A lingering war of words between the pair may have kept the Belgian press entertained during the off-season, but Greg Van Avermaet moved to downplay his supposedly strained relationship with Philippe Gilbert at the BMC training camp in Denia last week.
Uneasy bedfellows at Omega Pharma-Lotto, Van Avermaet flew the nest at the beginning of 2011 to join BMC, but the pair have since been reunited by Gilbert’s arrival at the squad. Despite Van Avermaet’s solid debut campaign with BMC last year, which was capped by a canny Paris-Tours victory, Gilbert has expressed reservations about his fellow countryman’s ability to act as a co-leader of the team in the classics in 2012.
In particular, Gilbert pointedly cited the example of last April’s Liège-Bastogne-Liège, when Van Avermaet was dropped from the winning break when the pace shot up on the Côte de Saint-Nicholas with 5km to go.
“I think we are quite similar riders but Philippe is on a higher level than me at the moment,” a diplomatic Van Avermaet admitted to reporters on the Costa Blanca. “He won all the races that he could win last year and I just tried to improve every year to also reach my goals. It’s kind of an honour that he’s here on the team with me. I think he’s a strong rider and I’m going to try to work for him and try to improve myself too and get to the level he’s at right now.”
So far, so conciliatory, and when pressed further on his relations with Gilbert, the 26-year-old Van Avermaet broke into a sheepish grin. “We’ve just talked about other stuff outside of cycling so far,” he laughed shyly. “People think in Belgium we don’t talk, but I think we have a good relationship with each other and I think it will work out really well for next year.”
While received wisdom suggests that Van Avermaet will be shunted down the classics pecking order at BMC due to the arrival of Gilbert and Thor Hushovd, the Belgian pointed out that he already showed his ability to operate as a foil to others last spring.
“We have a lot of big riders on the team now, but before we also had Ballan, Hincapie and it was already a strong team,” he noted. “This year it’s a bit stronger, but I’m just happy the team is confident in me. They will play my card at some moments, and at some other moments I’ll work for other guys, and I’m happy with that. For me, it’s maybe a good point that they are here and there is not so much pressure for the classics on me.”
The tail-end of 2011 saw Van Avermaet take a large stride forwards in delivering on his considerable potential when he landed his first classic victory at Paris-Tours by clinically disposing of Marco Marcato on the Avenue de Grammont. He agreed that from a psychological standpoint, the win had been something of a liberation.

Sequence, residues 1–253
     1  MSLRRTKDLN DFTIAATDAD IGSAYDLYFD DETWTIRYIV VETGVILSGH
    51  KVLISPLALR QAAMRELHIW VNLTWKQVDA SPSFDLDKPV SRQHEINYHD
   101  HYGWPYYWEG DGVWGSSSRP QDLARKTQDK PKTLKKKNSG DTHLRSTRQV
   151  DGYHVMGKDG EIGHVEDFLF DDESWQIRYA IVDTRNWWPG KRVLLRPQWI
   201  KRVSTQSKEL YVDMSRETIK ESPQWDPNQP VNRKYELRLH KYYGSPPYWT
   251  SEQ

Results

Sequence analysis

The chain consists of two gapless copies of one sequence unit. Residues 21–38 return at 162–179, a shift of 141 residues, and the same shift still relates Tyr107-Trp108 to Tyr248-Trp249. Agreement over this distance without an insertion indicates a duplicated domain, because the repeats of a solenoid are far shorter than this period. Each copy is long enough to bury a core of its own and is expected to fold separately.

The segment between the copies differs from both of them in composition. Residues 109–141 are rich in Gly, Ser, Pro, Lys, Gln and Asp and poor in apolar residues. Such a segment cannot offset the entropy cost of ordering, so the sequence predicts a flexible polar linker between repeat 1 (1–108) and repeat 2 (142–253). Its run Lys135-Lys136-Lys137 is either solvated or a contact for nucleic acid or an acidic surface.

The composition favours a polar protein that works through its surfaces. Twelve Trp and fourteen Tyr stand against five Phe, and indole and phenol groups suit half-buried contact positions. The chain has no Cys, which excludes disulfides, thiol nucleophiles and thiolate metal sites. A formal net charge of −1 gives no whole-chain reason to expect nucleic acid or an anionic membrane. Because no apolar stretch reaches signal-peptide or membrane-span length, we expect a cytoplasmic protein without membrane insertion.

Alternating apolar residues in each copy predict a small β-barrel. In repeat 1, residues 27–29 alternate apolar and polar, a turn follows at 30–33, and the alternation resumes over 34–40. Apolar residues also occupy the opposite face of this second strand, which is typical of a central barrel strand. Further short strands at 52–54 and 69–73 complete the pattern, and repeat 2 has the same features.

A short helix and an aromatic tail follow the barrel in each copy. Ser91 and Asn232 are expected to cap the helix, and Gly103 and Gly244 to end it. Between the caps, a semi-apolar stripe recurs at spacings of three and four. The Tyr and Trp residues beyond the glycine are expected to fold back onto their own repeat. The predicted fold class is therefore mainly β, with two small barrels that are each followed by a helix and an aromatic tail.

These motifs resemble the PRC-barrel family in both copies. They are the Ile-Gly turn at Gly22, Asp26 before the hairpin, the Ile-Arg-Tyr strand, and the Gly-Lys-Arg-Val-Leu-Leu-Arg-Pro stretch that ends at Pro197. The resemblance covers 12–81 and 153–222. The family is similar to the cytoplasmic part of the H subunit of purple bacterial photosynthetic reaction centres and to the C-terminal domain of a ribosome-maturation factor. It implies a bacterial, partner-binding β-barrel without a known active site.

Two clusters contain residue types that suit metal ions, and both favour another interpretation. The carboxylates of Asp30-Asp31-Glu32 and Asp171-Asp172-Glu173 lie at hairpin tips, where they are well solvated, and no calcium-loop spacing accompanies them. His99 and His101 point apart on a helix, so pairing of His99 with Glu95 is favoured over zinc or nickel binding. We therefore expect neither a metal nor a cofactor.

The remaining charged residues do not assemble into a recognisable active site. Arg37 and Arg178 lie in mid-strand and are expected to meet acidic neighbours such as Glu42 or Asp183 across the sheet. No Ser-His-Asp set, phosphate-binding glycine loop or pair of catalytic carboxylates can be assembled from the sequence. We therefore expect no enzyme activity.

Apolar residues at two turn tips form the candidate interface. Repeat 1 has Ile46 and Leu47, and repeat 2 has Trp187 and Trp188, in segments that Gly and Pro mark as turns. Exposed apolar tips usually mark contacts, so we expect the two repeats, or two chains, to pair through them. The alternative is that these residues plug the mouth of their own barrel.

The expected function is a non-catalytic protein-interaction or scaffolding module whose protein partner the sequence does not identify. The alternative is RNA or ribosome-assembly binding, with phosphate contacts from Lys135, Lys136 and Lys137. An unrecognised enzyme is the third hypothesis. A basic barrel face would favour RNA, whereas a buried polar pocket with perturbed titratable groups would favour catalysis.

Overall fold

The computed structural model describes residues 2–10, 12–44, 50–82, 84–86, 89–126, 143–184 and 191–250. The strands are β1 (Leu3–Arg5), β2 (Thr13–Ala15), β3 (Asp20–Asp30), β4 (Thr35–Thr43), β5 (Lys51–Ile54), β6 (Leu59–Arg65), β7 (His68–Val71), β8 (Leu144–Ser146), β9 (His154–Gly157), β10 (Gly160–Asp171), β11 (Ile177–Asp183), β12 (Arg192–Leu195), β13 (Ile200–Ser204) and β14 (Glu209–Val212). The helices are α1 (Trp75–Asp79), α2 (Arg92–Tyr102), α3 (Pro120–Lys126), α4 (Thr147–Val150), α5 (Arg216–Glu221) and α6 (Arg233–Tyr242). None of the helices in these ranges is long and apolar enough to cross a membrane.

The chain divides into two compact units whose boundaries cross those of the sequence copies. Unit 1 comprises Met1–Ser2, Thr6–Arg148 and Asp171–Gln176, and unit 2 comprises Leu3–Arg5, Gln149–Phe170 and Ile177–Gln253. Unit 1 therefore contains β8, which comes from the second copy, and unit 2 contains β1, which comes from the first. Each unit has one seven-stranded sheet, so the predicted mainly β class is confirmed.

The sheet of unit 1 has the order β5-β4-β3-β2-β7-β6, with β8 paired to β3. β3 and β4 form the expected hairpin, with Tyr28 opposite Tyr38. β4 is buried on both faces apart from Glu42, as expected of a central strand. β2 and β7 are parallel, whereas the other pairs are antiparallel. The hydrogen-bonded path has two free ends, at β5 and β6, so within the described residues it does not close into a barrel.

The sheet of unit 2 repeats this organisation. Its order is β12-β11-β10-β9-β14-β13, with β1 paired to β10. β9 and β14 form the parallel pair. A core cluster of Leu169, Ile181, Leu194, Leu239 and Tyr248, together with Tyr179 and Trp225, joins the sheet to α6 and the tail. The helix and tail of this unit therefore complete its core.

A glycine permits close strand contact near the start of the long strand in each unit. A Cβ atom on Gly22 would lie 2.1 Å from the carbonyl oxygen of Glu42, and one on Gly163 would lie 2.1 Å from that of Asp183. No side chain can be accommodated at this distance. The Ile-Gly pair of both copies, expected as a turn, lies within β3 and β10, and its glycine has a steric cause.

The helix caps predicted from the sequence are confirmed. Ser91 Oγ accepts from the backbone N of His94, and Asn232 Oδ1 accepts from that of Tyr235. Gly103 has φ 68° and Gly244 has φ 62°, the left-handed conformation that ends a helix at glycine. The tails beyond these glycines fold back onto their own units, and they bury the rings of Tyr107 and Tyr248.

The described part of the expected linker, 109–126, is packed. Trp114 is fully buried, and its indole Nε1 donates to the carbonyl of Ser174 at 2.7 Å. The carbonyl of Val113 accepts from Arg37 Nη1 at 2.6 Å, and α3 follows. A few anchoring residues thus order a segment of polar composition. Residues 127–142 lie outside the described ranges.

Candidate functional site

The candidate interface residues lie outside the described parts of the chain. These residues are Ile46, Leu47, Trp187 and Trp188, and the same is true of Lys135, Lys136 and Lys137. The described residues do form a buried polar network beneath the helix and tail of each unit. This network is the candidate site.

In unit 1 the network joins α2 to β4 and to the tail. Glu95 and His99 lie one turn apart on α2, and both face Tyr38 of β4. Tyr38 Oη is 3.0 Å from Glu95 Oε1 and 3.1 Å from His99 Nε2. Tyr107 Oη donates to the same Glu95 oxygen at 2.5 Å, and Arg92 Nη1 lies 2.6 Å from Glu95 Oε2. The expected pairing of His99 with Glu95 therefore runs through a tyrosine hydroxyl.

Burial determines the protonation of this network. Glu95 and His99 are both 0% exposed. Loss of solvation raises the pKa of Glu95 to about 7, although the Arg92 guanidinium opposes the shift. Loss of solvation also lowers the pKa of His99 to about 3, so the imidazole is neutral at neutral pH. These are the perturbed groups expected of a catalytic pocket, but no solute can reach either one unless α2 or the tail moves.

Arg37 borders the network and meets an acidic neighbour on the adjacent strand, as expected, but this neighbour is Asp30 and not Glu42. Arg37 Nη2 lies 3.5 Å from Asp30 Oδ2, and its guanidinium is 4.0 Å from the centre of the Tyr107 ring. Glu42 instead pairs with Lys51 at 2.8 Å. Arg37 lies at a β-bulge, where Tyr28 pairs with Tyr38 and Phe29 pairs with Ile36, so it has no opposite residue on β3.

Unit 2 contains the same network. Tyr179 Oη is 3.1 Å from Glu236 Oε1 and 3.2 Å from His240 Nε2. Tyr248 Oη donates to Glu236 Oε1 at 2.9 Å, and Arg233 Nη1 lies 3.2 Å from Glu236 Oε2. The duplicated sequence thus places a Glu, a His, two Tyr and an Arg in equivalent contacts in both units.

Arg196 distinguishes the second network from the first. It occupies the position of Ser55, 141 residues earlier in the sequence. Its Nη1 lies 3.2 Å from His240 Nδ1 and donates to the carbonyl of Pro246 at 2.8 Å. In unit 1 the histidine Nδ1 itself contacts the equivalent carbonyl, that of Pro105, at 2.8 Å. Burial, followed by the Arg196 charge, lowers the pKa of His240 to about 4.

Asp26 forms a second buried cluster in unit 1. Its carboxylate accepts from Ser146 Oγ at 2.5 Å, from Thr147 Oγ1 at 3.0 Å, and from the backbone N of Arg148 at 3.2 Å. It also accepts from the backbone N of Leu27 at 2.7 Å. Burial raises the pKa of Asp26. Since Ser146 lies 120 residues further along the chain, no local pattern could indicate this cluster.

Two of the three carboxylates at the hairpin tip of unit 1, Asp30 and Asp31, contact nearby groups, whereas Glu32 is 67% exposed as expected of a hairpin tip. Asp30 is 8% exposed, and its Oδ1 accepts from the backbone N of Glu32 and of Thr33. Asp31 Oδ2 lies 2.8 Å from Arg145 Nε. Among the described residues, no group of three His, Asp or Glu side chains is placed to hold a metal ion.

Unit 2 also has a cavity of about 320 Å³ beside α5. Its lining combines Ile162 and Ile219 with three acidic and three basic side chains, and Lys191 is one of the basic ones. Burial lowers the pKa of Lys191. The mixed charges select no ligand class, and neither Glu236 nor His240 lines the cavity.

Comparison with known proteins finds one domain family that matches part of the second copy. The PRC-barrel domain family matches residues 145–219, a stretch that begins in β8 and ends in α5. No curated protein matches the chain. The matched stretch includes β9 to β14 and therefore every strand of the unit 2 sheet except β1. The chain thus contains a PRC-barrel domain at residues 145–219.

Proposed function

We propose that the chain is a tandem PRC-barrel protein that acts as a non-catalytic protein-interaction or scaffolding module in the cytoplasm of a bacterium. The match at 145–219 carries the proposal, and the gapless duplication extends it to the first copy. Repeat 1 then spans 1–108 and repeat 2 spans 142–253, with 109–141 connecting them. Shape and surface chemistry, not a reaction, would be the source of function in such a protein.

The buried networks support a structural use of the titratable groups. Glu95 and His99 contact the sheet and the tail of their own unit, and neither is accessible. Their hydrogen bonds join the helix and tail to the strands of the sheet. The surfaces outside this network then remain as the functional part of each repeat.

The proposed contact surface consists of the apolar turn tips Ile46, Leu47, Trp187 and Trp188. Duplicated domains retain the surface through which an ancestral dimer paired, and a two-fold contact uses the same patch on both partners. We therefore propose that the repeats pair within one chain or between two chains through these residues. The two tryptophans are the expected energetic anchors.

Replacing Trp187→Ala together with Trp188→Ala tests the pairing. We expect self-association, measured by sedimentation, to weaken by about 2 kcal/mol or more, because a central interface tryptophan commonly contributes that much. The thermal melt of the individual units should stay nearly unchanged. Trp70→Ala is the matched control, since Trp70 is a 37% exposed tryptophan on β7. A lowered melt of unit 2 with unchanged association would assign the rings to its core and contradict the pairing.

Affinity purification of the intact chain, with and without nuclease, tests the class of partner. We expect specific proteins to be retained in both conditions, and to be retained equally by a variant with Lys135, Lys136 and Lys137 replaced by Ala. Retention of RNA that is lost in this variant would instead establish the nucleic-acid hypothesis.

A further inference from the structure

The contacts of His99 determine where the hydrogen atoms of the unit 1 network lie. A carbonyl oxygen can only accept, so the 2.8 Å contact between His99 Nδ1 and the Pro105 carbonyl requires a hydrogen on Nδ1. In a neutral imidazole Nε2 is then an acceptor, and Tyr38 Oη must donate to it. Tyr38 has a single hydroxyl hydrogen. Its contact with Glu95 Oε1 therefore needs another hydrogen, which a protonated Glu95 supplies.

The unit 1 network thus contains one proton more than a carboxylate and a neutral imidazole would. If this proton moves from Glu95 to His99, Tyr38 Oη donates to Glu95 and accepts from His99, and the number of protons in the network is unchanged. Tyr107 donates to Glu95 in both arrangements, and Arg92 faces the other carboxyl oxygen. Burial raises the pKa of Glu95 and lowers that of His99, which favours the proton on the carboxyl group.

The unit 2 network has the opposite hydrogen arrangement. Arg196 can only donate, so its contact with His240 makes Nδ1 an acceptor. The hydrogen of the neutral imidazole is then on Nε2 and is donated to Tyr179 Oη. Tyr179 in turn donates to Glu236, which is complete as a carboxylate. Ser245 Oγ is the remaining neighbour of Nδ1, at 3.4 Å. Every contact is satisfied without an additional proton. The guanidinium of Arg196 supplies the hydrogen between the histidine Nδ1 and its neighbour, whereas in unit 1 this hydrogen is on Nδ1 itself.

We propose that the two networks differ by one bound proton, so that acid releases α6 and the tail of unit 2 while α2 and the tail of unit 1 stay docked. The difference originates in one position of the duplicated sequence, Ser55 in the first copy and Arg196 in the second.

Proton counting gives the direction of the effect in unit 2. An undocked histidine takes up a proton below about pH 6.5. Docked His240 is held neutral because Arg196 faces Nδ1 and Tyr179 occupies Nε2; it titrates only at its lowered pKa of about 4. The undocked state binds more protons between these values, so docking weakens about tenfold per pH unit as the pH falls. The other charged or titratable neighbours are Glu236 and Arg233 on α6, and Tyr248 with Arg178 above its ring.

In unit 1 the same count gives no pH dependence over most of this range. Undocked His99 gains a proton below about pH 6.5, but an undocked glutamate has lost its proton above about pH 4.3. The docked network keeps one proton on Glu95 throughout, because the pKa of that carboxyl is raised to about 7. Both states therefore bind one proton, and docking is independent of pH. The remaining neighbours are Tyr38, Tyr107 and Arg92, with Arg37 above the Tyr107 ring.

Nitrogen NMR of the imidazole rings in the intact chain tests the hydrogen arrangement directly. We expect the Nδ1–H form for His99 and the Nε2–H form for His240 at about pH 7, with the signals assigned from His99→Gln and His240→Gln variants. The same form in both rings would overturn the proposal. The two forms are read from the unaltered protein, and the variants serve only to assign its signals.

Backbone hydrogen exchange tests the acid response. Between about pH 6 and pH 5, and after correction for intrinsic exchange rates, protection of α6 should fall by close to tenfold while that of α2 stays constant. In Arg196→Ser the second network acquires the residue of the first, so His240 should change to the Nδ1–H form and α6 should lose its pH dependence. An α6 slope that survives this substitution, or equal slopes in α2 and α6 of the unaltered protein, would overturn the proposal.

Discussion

“Yeah, it was an important win for me,” he nodded. “I had a lot of nice results already in the classics but the difference between second and first is big. It was important for my self-confidence
“I’m only 26 but I had already been waiting a long time to win a big classic, so once it’s there, you’re very happy and you feel a bit more confident in the next races. It also gives the team the confidence to believe in me.”
One of the first signs of that burgeoning confidence came at Milan-San Remo last year, when Van Avermaet was the surprise leader over the summit of the Poggio after seizing the initiative on the descent of the Cipressa. “It was a good feeling to be the first guy on the Poggio,” he said. “Not every year is the same and last year we had that crash on Le Manie beforehand, but I hope to be up there on the Poggio again this year.”
Not surprisingly, however, the centrepiece of Van Avermaet’s season comes two weeks later on the rocky road to Oudenaarde. “For me the most important race is of the year is always the Tour of Flanders,” he said. “Like every Belgian I’m always looking forward to it, and hopefully I can win it.”
But Gilbert, too, covets De Ronde victory and, at least according to Thor Hushovd, has made it the principal target of his spring campaign. “We’ll see what’s going to happen,” Van Avermaet said quietly. “Maybe I work for Philippe at a few races, and if I can have a chance when I’m good at some races, that’s enough for me.”
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Barry Ryan is European Editor at Cyclingnews. He has covered professional cycling since 2010, reporting from the Tour de France, Giro d’Italia and events from Argentina to Japan. His writing has appeared in The Independent, Procycling and Cycling Plus. He is the author of The Ascent: Sean Kelly, Stephen Roche and the Rise of Irish Cycling’s Golden Generation (opens in new tab), published by Gill Books.
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